Nothing middling about Tribe's key infield prospects
Shortstop and second base are loaded positions in Indians' system
CLEVELAND -- When Francisco Lindor wandered through the visitors' clubhouse at Progressive Field on Monday afternoon, making his way to his temporary locker, a group of reporters quickly surrounded the prospect and peppered him with questions.
Lindor's presence at the Indians' annual Winter Development Program -- an event aimed at acclimating the club's top Minor Leaguers to what the big league life brings -- provided the quick and easy storyline. The Tribe's top position-player prospect and the club's No. 2 prospect overall, according to MLB.com, stood a short walk away from the diamond on which he might someday dazzle.
"We all get the spotlight," Lindor said with a smile. "That's part of our job."
It is understandable that Lindor -- Cleveland's first-round pick in the 2011 First-Year Player Draft -- garners most of the attention when it comes to the organization's top prospects. Then again, the 19-year-old shortstop is hardly alone when it comes to emerging infield talent in the Tribe's system.
At virtually every stop on the farm, the Indians boast middle infielders that have the organization excited. Juan Diaz, who debuted in the Majors a year ago, is primed for Triple-A. Tony Wolters (Cleveland's No. 4 prospect) and Ronny Rodriguez (No .6) will likely open next season at Double-A. Lindor is on a path to High Class A Carolina, with Dorssys Paulino (No. 3) and Jose Ramirez (No. 20) in the Class A mix as well.
"It's certainly an area of strength," said Ross Atkins, Indians vice president of player development. "When you look at Juan Diaz, and his ability to play shortstop and the progress he's made, the potential of having Ronny Rodriguez, Tony Wolters, Francisco Lindor, Dorssys Paulino and Jose Ramirez playing at two, three or potentially four levels, that is an unusual situation, and a good problem to have."
One step above Lindor on the organizational ladder last season was a dynamic double-play duo.
At Carolina, Wolters and Rodriguez spent much of the season switching positions in the field and generating plenty of offense at the plate. Each a shortstop by trade, Wolters and Rodriguez were asked to divvy up their starts, jumping between short and second base for much of the year. They will probably face a similar scenario in the coming campaign.
The pair of prospects obliged, forming a strong tandem up the middle.
"Going back and forth with Ronny last year was awesome," Wolters said. "It was a great experience for both of us. What we're trying to get from this is getting better as a player on both sides. It makes us both valuable, and the Indians, they need those guys up the middle."
Wolters -- a third-round selection in the 2010 Draft -- worked 63 games at second and another 61 at shortstop. In the batter's box, the 20-year-old infielder put his versatility on display, hitting .260 with eight home runs, 30 doubles, eight triples, 58 RBIs and 66 runs scored in 125 games for the Mudcats.
His partner up the middle, the 20-year-old Rodriguez, provided some power, launching 19 home runs in 126 games for Carolina. Rodriguez -- signed as a non-drafted free agent in 2010 -- hit .264 and added 20 doubles, four triples, 66 RBIs and 67 runs scored. He spent 80 games at shortstop, but also manned second base in 45 contests.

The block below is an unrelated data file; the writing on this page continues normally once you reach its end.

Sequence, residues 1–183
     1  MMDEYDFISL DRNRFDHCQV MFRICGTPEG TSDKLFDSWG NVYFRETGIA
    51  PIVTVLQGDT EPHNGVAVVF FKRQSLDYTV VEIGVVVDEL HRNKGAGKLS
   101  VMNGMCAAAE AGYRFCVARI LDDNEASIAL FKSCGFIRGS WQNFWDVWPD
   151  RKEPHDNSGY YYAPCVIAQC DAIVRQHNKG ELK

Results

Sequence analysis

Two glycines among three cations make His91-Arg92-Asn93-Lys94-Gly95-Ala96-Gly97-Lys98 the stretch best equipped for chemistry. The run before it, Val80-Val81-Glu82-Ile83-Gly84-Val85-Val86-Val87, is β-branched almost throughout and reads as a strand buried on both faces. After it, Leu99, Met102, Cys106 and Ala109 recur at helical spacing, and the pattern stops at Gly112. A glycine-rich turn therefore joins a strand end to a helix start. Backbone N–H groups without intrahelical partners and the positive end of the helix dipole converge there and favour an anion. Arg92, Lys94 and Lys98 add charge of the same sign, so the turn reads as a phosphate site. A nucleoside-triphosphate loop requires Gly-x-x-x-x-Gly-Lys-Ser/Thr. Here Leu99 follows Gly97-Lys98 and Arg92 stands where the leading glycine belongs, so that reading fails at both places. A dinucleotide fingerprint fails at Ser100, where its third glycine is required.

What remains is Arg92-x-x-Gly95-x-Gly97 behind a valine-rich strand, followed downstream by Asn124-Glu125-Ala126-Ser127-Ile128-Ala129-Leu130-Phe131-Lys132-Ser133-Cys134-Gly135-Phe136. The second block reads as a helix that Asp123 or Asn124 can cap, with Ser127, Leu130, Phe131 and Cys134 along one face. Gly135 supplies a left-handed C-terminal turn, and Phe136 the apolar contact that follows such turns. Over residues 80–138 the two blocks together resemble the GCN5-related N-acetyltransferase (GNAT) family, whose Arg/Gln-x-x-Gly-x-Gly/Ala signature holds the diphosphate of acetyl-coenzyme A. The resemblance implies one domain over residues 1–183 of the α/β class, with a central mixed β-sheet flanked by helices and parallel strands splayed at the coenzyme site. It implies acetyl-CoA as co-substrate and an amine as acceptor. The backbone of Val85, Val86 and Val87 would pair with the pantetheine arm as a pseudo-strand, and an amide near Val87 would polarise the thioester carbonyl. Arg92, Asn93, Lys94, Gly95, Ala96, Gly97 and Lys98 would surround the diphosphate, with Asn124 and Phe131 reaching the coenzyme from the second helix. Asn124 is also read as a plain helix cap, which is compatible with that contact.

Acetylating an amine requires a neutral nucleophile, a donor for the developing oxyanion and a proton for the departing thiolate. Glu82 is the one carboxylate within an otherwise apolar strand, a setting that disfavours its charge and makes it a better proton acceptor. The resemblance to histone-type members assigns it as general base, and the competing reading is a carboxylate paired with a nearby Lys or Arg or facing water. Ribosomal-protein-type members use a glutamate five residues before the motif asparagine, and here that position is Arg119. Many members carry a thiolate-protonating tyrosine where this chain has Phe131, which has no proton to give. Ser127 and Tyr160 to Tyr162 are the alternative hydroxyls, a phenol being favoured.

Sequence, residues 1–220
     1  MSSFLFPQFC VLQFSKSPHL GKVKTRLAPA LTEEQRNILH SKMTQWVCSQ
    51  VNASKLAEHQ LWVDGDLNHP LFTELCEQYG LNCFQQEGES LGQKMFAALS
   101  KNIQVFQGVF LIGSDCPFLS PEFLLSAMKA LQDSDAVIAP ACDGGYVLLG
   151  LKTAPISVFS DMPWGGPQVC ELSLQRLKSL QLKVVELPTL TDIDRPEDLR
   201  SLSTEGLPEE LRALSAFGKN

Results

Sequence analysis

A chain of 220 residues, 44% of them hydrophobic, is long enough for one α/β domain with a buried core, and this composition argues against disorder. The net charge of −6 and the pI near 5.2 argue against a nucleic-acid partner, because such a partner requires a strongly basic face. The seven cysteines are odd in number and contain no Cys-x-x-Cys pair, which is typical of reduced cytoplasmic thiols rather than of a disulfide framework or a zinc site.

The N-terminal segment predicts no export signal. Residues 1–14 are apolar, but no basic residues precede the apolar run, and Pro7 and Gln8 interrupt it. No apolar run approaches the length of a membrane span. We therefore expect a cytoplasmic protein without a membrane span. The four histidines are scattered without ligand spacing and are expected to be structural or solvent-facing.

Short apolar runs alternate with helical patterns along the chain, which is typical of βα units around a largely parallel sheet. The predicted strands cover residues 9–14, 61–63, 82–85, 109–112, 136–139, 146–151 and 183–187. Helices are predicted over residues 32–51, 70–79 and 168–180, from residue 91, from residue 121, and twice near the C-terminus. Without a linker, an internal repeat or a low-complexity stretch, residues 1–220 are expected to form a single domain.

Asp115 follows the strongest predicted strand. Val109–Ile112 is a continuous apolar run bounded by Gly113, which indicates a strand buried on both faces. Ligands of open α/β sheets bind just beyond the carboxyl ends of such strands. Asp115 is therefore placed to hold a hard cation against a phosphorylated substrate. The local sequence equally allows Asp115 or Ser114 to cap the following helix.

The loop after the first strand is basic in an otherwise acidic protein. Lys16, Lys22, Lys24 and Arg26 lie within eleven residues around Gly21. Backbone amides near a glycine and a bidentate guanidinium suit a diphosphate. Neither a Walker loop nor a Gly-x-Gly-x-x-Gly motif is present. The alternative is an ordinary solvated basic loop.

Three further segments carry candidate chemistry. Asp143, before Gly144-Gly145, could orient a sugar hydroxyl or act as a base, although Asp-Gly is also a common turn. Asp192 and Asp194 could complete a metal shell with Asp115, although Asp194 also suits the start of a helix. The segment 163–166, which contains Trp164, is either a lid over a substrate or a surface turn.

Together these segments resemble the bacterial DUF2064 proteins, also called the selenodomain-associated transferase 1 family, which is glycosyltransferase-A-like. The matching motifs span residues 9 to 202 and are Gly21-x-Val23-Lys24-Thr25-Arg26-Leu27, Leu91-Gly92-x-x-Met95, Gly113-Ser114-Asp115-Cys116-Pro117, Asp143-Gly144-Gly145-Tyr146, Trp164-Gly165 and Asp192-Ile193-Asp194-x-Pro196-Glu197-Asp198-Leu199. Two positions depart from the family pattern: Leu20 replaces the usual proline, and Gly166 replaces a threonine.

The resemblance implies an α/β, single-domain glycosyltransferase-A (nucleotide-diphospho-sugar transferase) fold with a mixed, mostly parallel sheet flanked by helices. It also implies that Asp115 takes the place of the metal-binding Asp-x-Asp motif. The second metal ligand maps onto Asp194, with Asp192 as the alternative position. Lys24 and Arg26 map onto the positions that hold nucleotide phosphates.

Below Lindor on the organizational depth chart is 18-year-old shortstop Paulino, who excelled with the Arizona (Rookie League) Indians and Class A (short-season) Mahoning Valley last year. In 56 games between the two levels, Paulino hit .333 with seven homers, 19 doubles, six triples, 11 stolen bases, 38 RBIs and 47 runs.
"What he did offensively in his first full season was remarkable," Atkins said. "I think the most exciting thing about Dorssys is every single baseball person that lays eyes on him, that watches him take batting practice once, says the exact same thing. They say, 'Wow, this guy has a chance to be really special."
Ramirez, who split his season between Mahoning Valley and Class A Lake County, hit .354 with three homers, 15 doubles, four triples, 17 stolen bases, 27 RBIs and 56 runs in 70 games last season.
Lindor did not have time to concern himself with what Wolters or Rodriguez were doing one level higher in the system, or what kind of numbers Paulino was posting in the levels below. His responsibilities consisted of leading Lake County, and living up to the hype that has followed him since Cleveland added him to the fold with the Draft's eighth pick two summers ago.
The highly touted shortstop did not disappoint.
In 122 games for the Captains, Lindor hit .257 with six home runs, 24 doubles, three triples, 27 stolen bases, 42 RBIs and 83 runs scored. That offensive showing was a touch better than predicted for his first full professional season -- an encouraging sign for Cleveland's premier infield prospect. Lindor's solid defense came as advertised, and he quickly embraced a leadership role in Lake County.
It was an overall showing that impressed the Tribe's front office.
"I think he exceeded [expectations]," Atkins said of Lindor. "And the starting point couldn't have been higher, and he still exceeded it, because of his maturity and awareness. You heard all about the maturity, but it's the awareness of his situation, of his challenges, of what limits him, of his own expectations ... and his ability speaks for itself."
The players are excited about what is potentially to come for the entire group of prospects.
"It's a great group of guys," Lindor said. "They're great people. That's the most important thing. They're good teammates and they have passion for the game, and they work hard. They're going to make me better, just like I'm going to make them better."